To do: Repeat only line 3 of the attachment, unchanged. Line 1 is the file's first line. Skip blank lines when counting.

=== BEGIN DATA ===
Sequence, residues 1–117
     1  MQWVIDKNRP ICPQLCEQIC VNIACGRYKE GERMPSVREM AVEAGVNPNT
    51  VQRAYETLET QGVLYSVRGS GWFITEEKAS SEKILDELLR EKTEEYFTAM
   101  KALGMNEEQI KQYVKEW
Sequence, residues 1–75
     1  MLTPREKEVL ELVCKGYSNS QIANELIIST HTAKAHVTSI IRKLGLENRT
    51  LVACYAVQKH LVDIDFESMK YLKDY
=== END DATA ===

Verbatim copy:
    51  VQRAYETLET QGVLYSVRGS GWFITEEKAS SEKILDELLR EKTEEYFTAM